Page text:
Queen's professor to measure success of Canada Gets Active program
Young people across the country may soon be healthier, thanks to a physical activity program being evaluated by Queen’s University researchers.
Looking to build on the success of Kingston Gets Active, Canada Gets Active – a pilot project launched in five communities across the country –provides grade five students with physical activity passes that allow them free access to gyms, arenas, and recreation centres in their communities.
“One of the main objectives of the program is to increase accessibility for those who need it the most, and I hope that the program will eventually become a nationwide initiative,” says Kinesiology and Health Studies professor Lucy Levesque. “My vision is that everybody should have a recreation card like they have a health card,” she says. “Everyone has a right to physical activity; it’s so important.”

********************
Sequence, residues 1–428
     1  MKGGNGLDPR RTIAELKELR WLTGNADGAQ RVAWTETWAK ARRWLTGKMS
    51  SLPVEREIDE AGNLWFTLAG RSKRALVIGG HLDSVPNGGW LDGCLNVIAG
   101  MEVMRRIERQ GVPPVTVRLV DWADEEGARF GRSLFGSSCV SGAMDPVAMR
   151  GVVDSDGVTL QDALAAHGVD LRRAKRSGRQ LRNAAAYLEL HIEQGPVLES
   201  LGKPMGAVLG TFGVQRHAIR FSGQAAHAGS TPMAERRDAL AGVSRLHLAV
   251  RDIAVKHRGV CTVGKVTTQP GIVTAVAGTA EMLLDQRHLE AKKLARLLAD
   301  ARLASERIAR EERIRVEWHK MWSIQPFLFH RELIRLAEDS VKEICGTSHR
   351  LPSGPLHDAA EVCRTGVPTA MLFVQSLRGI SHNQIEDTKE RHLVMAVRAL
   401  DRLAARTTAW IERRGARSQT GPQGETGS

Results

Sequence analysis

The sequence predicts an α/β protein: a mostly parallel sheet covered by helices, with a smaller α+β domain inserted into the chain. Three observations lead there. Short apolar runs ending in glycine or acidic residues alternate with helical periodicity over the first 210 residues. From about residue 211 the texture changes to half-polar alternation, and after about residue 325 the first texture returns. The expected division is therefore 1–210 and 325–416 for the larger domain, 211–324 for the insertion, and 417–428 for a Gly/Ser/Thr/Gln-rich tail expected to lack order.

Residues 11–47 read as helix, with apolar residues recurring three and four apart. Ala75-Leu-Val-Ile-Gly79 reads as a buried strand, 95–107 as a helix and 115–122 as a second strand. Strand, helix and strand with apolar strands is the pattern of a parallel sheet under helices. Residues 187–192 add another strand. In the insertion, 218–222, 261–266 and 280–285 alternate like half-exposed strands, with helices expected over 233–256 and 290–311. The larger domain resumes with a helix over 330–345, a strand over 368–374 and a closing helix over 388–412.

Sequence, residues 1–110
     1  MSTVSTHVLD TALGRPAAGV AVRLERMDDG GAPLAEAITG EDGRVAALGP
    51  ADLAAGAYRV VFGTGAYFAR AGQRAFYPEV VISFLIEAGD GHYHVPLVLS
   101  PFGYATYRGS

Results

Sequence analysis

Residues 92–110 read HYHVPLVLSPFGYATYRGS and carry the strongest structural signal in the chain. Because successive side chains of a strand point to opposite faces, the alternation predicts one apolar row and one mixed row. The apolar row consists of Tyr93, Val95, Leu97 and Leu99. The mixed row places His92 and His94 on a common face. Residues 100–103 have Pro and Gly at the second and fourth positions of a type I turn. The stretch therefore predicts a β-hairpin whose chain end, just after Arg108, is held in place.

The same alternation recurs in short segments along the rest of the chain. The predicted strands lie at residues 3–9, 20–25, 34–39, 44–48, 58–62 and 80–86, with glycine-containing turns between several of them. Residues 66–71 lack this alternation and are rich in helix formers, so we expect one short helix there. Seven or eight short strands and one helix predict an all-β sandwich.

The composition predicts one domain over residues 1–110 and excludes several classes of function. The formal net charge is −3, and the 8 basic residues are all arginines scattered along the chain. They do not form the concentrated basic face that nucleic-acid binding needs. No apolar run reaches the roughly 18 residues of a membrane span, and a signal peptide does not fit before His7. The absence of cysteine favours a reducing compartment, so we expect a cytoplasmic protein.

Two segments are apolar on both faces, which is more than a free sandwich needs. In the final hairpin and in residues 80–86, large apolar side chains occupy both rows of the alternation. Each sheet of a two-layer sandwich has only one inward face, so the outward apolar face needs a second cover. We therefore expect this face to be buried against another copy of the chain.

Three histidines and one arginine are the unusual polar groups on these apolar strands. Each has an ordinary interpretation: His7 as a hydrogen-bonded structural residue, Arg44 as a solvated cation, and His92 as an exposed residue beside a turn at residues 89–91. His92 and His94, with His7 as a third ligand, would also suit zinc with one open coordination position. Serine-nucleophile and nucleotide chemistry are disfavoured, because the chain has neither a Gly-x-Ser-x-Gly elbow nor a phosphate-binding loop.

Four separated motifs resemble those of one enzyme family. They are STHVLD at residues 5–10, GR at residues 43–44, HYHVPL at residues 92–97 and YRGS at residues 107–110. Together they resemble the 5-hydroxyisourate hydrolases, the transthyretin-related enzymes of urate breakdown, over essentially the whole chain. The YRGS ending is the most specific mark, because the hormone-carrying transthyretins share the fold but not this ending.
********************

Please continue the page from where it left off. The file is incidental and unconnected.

Grade 5 students in Whitehorse, Burnaby, Okotoks, Arnpior, and Annapolis County completed a survey on their level of physical activity prior to receiving their passes in October . The same students will complete another survey in March, and Dr. Levesque and a group of masters students will evaluate the results allowing them to gauge the success of the program.Grade five students were chosen for the project because studies have shown that children’s physical activity begins to wane at that age.
“For me, it’s about physical activity promotion,” says Dr. Levesque. “Physical activity enables people for life, socially, emotionally, it’s good for mental health and it’s good for disease prevention. Telling people to get more active, just telling them, is not working.”
Kingston Gets Active was created in 2005 with the participation of several organizations including Queen’s University, CFB Kingston, the City of Kingston and the local YMCA. The program was deemed a success, with 70 per cent of students using the pass at least once and 25 per cent using it on a regular basis.